A man who chased and then killed an adversary who escaped from a moving pickup truck just outside Prince George will remain guilty of first-degree murder, says the Supreme Court of Canada.
In a decision issued Thursday, the nation's highest court dismissed an appeal of a lower court decision for Darren Cayley Daniel Sundman for the January 2015 murder of Jordan Taylor McLeod.
Sundman had originally been found guilty of second-degree murder by a B.C. Supreme Court Justice and, in July 2018, was sentenced to life without eligibility for parole for 16 years.
Crown subsequently appealed the decision and in February 2021, the B.C. Court of Appeal upgraded the conviction to first-degree murder. With the SCC endorsing the the BCCA decision, Sundman must now serve at least 25 years before he can apply for parole.
McLeod was just 24 years old when he was shot to death after he jumped out of a moving pickup truck just as it had turned onto Upper Fraser Road from Highway 16 to escape his assailants.
McLeod had found himself in the pickup with Sundman, and two co-accused, Sebastian Blake Martin and Kurtis Riley Sundman, as well as a woman who turned out to be a key witness, Stacey Stevenson, who was at the centre of a romantic rivalry between McLeod and Darren Sundman.
The two were also rivals in the area's drug trade.
As they headed along Highway 16, Sundman started hitting McLeod with a handgun. When the truck slowed down to make a turn, McLeod jumped out and tried to run away.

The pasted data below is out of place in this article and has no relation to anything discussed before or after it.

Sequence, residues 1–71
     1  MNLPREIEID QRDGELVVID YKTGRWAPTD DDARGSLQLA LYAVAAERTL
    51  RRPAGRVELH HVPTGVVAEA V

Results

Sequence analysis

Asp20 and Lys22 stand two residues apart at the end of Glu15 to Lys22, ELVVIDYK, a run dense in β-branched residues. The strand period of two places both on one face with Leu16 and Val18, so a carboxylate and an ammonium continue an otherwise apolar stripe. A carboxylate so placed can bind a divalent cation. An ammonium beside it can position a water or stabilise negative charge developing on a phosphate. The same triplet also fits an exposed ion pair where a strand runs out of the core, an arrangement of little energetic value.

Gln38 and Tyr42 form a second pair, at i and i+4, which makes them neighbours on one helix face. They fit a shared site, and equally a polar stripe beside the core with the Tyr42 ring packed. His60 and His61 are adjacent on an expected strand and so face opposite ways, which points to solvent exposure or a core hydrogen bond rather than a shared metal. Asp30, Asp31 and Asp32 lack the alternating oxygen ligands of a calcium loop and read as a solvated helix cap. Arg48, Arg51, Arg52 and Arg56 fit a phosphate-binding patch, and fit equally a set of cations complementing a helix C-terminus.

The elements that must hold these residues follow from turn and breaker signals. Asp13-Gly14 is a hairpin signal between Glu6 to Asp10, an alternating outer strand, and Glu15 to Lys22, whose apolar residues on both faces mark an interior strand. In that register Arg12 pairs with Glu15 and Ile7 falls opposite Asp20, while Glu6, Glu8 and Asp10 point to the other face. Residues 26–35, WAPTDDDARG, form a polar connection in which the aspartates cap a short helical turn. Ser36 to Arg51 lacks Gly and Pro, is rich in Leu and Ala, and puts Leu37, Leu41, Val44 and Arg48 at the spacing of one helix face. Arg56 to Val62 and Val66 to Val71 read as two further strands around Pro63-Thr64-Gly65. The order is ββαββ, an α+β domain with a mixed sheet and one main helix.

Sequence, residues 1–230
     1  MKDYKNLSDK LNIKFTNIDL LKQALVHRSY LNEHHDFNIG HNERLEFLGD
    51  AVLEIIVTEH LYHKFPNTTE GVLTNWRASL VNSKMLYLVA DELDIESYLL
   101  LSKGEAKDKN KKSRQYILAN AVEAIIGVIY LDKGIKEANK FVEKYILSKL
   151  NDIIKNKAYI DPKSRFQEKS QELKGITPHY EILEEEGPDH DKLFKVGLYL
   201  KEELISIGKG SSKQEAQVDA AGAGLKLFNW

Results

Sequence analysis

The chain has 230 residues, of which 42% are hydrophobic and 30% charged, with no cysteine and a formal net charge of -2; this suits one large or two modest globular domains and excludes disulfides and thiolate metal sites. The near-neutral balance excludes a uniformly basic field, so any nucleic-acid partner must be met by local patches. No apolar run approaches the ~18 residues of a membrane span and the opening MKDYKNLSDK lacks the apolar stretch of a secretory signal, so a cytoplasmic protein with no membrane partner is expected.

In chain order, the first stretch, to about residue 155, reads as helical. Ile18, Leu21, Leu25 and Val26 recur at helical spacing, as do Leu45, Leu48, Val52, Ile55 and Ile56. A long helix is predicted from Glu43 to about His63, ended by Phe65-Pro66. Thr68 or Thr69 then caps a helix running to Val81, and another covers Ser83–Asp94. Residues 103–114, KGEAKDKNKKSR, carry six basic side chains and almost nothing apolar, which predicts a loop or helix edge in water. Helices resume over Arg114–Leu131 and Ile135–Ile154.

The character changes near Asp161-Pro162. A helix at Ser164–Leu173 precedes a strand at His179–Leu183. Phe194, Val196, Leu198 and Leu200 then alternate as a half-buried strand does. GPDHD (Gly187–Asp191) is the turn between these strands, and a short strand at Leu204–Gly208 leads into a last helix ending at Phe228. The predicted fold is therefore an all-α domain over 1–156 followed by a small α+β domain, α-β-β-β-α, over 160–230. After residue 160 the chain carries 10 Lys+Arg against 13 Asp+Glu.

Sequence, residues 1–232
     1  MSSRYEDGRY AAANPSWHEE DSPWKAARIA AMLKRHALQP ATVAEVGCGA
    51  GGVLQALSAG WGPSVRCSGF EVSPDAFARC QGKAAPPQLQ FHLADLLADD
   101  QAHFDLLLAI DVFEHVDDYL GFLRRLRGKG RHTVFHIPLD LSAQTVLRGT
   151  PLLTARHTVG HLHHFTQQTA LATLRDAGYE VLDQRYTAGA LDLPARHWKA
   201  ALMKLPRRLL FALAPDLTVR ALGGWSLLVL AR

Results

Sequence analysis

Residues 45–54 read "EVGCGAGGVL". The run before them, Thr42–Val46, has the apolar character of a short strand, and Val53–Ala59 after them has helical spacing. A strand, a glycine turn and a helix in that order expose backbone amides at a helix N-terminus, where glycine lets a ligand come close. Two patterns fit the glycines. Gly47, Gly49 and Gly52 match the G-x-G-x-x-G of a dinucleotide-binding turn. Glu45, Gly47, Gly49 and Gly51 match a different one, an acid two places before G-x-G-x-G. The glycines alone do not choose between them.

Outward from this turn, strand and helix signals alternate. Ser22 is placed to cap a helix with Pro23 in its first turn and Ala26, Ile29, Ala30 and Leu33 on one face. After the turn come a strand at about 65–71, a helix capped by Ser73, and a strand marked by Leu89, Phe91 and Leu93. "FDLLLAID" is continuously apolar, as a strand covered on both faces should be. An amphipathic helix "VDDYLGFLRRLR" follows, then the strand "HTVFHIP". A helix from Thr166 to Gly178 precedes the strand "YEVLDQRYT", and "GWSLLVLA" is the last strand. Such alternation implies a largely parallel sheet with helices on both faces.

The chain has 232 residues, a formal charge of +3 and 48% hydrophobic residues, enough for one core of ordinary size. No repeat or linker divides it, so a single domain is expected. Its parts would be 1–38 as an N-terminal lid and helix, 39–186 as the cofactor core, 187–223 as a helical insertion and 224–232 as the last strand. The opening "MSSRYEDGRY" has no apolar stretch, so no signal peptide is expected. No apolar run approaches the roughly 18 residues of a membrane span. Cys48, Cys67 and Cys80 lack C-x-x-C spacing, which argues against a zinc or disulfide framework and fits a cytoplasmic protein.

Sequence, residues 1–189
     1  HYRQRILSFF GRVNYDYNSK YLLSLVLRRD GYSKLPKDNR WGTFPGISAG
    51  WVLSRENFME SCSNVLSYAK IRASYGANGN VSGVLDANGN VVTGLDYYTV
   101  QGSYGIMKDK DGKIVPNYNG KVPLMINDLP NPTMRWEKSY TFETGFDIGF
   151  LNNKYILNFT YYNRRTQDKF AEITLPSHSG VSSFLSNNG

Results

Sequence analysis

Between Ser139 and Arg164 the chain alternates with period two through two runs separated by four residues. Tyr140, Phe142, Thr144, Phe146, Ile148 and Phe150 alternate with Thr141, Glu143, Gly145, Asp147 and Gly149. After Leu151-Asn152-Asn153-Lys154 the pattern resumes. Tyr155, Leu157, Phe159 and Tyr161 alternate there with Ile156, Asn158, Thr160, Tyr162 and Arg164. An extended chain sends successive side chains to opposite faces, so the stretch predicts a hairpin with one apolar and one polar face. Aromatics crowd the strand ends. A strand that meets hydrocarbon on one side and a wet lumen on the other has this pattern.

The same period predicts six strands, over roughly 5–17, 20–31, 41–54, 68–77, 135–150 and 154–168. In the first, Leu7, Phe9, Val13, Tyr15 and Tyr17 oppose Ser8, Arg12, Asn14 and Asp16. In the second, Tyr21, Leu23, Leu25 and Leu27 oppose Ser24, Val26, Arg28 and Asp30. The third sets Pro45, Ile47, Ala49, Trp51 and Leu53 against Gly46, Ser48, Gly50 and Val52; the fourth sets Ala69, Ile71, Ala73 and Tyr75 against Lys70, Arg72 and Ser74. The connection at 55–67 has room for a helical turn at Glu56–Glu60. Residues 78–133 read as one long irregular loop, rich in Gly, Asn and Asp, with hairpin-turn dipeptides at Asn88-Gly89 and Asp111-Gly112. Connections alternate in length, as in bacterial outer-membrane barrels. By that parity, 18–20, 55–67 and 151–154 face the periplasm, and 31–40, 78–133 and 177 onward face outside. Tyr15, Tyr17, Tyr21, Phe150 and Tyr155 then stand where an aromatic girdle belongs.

Sundman and the two accomplices chased after him. Sundman then shot McLeod several times, stopping him from being able to run any farther.
Martin then said “I got him, boss,” before shooting the victim at close range, killing him almost instantly.
In finding Sundman guilty of second-degree murder, B.C. Supreme Court Justice James Williams reasoned that the killing was not planned and that the victim managed to escape his confinement when he jumped out of the truck.
In overturning the verdict, the BCCA found the victim could still be considered “confined” because he was being chased and the SCC agreed.
Writing for a unanimous SCC, Justice Mahmud Jamal said that, “as a matter of law and common sense”, the victim’s “brief escape” from the truck does not change the seriousness of Sundman’s crime.
“On any sensible view,” he wrote, Sundman’s “moral blameworthiness cannot be considered to be lower” simply because the victim “managed to jump from a moving truck and was running for his life when he was executed just moments later."
Nikos Harris, an associate professor in the Allard School of Law at the University of British Columbia said the outcome is "quite consistent with prior decisions on this issue."
"But it hadn't been looked at for a long time," Harris said. "Some of the main precedents around this are now 30-40 years old so it was a chance for the court to revisit some of these basic principles."
The incident amounted to a "very unique type of first-degree murder," Harris said, noting that while planning and aforethought and killing a police officer are commonly associated with the act, confinement can also raise a killing to first-degree.
"It's a very principled interpretation of the idea of confinement," Harris said of the SCC decision. "Confinement is much more than being physically confined and somebody can still be suffering from a confinement as they're attempting to escape that confinement."
Martin was convicted of second degree murder and sentenced to life without eligibility for parole for 13 years and Sundman was convicted of manslaughter and sentenced to 12 years less credit of four years four months and 15 days for time served prior to sentencing.
Those verdicts were not appealed to the SCC.